Department of Communication
13th Biennial Public Address Conference
Andrew Barnes

Cosmopolitan Discursive Formations: Presidential Rhetoric
at the United Nations

Despite longstanding attention to rhetorical form and structuring logics that give discourse its persuasive power (metaphor, genre, narrative, definitional frames, ideology, etc.), a related focus on situations that give rise to and are in turn constituted by public address, and work emphasizing the institutional and social structural dynamics within which rhetoric operates, the relative amount of publication attending to international rhetoric remains slight. This is particularly so in studies of American presidential rhetoric; as the composition of presidential audiences has stretched to global proportions, scholarship has lagged given the challenges of apprehending the manifold cross-cultural complexities of reading reactions to presidential speech. Spanning five decades and four presidencies (Kennedy, Carter, H.W. Bush and Clinton), the dissertation work undertaken takes presidential public address at the United Nations as its object of study in an effort to help remedy this shortcoming, while also aiming to provide a richer theoretical underpinning for accounts of the modern rhetorical presidency. The analysis grapples with three particular problems: conceptualizing increasingly pluralized audiences, the matter of ascertaining how non-American institutions (like the United Nations) shape and are shaped by American rhetorical productions, and the difficulties in gauging presidential rhetorical efficacy. Two main arguments are advanced. First, the dissertation argues that presidential rhetoric at the United Nations traffics in a particular brand of liberal cosmopolitanism, which helps American presidents to constitute a universal audience nonetheless ideologically made in America's image. The terrain and implications of this cosmopolitanism rhetoric are mapped and unpacked. Second, it is argued that when crafting rhetoric for the specific audience of the United Nations General Assembly, the President is obligated to work within the confines of the rhetorical institution that is the United Nations. Here – taking a cue from Campbell and Jamieson – the project seeks to understand the limits and possibilities of presidential rhetoric based on existing international institutional constraints. Taken together, the resulting scene of presidential cosmopolitan address, rather than culminating in efforts primarily concentrated on persuasion, end up mainly interpellating a global audience supportive of a liberal cosmopolitan agenda which in turn is pre-structured to support the interests of the United States.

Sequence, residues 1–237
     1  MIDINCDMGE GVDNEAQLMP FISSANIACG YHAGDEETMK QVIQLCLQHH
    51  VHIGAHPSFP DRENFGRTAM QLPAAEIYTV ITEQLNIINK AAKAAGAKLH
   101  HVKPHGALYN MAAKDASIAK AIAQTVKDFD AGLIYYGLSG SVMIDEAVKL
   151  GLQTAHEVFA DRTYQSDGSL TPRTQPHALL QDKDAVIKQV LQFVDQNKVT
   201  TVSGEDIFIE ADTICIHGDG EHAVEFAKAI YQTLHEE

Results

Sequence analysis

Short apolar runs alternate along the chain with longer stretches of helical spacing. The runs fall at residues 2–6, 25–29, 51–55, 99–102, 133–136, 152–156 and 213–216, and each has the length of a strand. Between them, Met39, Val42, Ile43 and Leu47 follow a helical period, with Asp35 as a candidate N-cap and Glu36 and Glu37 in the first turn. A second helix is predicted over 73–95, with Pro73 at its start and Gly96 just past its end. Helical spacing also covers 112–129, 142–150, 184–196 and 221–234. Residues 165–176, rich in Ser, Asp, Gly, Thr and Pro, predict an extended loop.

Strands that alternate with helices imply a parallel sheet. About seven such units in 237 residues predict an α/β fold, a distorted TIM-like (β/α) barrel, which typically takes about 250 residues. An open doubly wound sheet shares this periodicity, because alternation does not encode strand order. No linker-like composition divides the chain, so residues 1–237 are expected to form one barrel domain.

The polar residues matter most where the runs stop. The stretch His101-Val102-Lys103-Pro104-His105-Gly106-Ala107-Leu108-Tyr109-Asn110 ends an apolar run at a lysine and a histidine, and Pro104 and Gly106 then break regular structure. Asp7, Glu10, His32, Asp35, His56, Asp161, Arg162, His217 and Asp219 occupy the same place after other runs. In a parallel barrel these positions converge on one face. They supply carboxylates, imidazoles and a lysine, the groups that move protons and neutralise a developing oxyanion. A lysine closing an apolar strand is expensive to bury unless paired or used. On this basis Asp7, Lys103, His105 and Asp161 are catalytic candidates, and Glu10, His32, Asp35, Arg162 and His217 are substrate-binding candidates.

Andrew Barnes
Georgia State University

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